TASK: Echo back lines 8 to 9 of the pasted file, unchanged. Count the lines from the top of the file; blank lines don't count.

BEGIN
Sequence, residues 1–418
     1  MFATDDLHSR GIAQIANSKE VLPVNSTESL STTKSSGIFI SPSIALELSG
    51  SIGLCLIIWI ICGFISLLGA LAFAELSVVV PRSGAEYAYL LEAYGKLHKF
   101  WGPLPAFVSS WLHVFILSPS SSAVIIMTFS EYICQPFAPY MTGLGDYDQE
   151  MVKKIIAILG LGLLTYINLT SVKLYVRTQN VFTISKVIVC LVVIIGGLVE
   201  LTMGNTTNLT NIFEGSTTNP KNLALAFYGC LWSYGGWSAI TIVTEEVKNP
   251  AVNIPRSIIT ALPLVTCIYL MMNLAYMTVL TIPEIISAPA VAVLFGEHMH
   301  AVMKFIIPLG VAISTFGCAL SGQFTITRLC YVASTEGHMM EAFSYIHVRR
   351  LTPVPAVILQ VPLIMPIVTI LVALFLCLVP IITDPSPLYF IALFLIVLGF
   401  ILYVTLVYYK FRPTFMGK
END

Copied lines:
   301  AVMKFIIPLG VAISTFGCAL SGQFTITRLC YVASTEGHMM EAFSYIHVRR
   351  LTPVPAVILQ VPLIMPIVTI LVALFLCLVP IITDPSPLYF IALFLIVLGF